Could you clarify what you mean by substitutionary atonement, please?

    You stated that your understanding of a theory was that it was not a fact, but a mere idea. This indicates that you consider the propitiation of Christ to be an idea, not a truth.

    Isaiah 53
    1 ¶ Who has believed our report? And to whom has the arm of the LORD been revealed?
    2 For He shall grow up before Him as a tender plant, And as a root out of dry ground. He has no form or comeliness; And when we see Him, There is no beauty that we should desire Him.
    3 He is despised and rejected by men, A Man of sorrows and acquainted with grief. And we hid, as it were, our faces from Him; He was despised, and we did not esteem Him.
    4 ¶ Surely He has borne our griefs And carried our sorrows; Yet we esteemed Him stricken, Smitten by God, and afflicted.
    5 But He was wounded for our transgressions, He was bruised for our iniquities; The chastisement for our peace was upon Him, And by His stripes we are healed.
    6 All we like sheep have gone astray; We have turned, every one, to his own way; And the LORD has laid on Him the iniquity of us all.
    7 He was oppressed and He was afflicted, Yet He opened not His mouth; He was led as a lamb to the slaughter, And as a sheep before its shearers is silent, So He opened not His mouth.
    8 He was taken from prison and from judgment, And who will declare His generation? For He was cut off from the land of the living; For the transgressions of My people He was stricken.
    9 And they made His grave with the wicked–But with the rich at His death, Because He had done no violence, Nor was any deceit in His mouth.
    10 ¶ Yet it pleased the LORD to bruise Him; He has put Him to grief. When You make His soul an offering for sin, He shall see His seed, He shall prolong His days, And the pleasure of the LORD shall prosper in His hand.
    11 He shall see the labor of His soul, and be satisfied. By His knowledge My righteous Servant shall justify many, For He shall bear their iniquities.

    The LORD has laid on him the iniquity of us all.

    The key to understanding if you are correct or not is your interpretation of the word ‘atonement’, because an atonement, being the blood of creatures, could only cover sins, but a propitiation, the once and for all blood sacrifice of the Messiah, took our sins away forever.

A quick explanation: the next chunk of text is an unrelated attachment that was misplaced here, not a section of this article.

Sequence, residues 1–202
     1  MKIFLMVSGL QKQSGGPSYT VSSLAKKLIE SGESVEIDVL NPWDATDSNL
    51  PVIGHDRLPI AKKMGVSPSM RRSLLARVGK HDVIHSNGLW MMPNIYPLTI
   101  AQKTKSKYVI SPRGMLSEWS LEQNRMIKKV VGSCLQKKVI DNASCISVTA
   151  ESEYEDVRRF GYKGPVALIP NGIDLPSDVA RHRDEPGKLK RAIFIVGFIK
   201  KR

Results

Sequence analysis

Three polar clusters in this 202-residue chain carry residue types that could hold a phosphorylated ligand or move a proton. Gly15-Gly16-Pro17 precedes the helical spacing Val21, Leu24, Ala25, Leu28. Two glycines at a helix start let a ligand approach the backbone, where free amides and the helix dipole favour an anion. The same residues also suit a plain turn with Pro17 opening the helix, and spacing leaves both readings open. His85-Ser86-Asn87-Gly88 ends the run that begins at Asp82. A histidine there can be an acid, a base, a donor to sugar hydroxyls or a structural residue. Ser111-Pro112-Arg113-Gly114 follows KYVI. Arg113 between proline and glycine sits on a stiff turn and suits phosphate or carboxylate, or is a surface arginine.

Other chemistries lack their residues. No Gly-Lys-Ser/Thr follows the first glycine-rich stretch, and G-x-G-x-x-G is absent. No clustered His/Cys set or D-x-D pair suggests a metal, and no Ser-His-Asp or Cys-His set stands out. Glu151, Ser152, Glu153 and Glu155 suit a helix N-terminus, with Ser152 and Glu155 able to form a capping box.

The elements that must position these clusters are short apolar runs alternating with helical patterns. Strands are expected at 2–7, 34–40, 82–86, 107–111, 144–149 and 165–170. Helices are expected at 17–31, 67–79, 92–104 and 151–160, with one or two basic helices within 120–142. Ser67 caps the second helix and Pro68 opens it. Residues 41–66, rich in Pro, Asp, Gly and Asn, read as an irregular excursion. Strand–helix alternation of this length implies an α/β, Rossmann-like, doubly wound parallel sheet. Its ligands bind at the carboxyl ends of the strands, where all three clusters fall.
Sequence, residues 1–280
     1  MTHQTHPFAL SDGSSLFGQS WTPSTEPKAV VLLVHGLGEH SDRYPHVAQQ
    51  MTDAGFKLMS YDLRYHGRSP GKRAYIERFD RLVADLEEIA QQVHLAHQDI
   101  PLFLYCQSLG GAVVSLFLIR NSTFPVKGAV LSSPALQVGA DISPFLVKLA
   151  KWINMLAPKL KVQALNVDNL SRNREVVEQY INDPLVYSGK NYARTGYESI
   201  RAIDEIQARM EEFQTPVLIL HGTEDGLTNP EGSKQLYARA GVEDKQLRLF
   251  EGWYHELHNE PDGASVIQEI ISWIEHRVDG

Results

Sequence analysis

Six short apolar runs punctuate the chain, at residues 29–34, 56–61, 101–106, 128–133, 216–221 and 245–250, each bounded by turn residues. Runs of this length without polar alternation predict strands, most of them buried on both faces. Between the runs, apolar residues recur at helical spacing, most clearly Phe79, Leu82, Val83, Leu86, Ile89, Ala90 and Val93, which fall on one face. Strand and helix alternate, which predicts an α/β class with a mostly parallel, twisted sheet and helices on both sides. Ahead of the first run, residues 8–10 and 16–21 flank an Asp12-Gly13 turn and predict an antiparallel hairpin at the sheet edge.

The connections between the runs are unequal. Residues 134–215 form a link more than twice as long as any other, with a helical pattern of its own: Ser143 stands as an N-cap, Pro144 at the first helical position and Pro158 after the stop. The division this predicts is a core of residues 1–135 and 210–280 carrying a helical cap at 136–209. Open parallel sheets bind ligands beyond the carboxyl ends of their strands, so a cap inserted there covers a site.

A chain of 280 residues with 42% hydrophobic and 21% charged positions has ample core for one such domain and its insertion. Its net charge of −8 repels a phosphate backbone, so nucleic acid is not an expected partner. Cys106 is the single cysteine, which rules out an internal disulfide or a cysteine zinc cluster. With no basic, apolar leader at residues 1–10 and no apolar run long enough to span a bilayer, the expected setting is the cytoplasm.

Where the KJV uses the word ‘atonement’, it should say, ‘exchange’. He took our place on the cross. The Father laid our sins upon him. He died our death. He conquered Death and the Grave for us. He was raised to give us new life.

    That is substitutionary.

  19. 1 Cor 15:1-4 “Now I would remind you, brothers, of the gospel I preached to you, which you received, in which you stand, and by which you are being saved, if you hold fast to the word I preached to you — unless you believed in vain. For I delivered to you as of first importance what I also received: that Christ DIED FOR OUR SINS in accordance with the Scriptures, that he was buried, that he was raised oon the third day in accordance with the Scriptures…..”

  20. The word ‘atonement’ appears 70 times in the OT. The word is ‘kaphar’, and it means ‘to cover, or to cover over’. ‘Atonement’ appears once in the NT at Romans 5:11. The Greek word is ‘katallage’, and means ‘exchange’:

    Romans 5
    8 But God commendeth his love toward us, in that, while we were yet sinners, Christ died for us.
    9 Much more then, being now justified by his blood, we shall be saved from wrath through him.
    10 For if, when we were enemies, we were reconciled to God by the death of his Son, much more, being reconciled, we shall be saved by his life.
    11 And not only so, but we also joy in God through our Lord Jesus Christ, by whom we have now received the atonement.

    The NT word used for the exchange is ‘propitiation’, and appears four times:

    Ro 3:25 whom God set forth as a propitiation by His blood, through faith, to demonstrate His righteousness, because in His forbearance God had passed over the sins that were previously committed…

    Heb 2:17 Therefore, in all things He had to be made like His brethren, that He might be a merciful and faithful High Priest in things pertaining to God, to make propitiation for the sins of the people.

    1Jo 2:2 And He Himself is the propitiation for our sins, and not for ours only but also for the whole world.

    1Jo 4:10 In this is love, not that we loved God, but that He loved us and sent His Son to be the propitiation for our sins.

    He appeases God by paying the price of our sins. To propitiate is to bring favour or grace.

  21. @ Greg – a few more fair questions.

    Do you believe Jesus is the second person of the trinity i.e. God?

    Do you believe He was born of a virgin?

    Do you believe He died and was resurrected?

    Do you believe He is coming again to judge the living and the dead?

  22. Greg,
    ‘being a Christian is not about what you believe but about who you follow’

    Hebrews 11
    6 But without faith it is impossible to please Him, for he who comes to God must believe that He is, and that He is a rewarder of those who diligently seek Him.

    Galatians 3
    26 For you are all sons of God through faith in Christ Jesus.

    Ephesians 2
    8 For by grace you have been saved through faith, and that not of yourselves; it is the gift of God…

  23. ‘…Jensenite baboons…’ – Greg the Explorer

    I love it! Greg, you might get me to set foot in an Anglican church again. Moore College and the Jensenites are one reason I want nothing to do with it. Had enough of that crowd many years ago. Sick of the patronising, superior, intellectual arrogance, not to mention their certainty that they were right about everything. Or at least the ones I dealt with were, and that would include Phil Jensen. It actually encouraged me to stick with C3OF, who were by contrast very friendly and inclusive.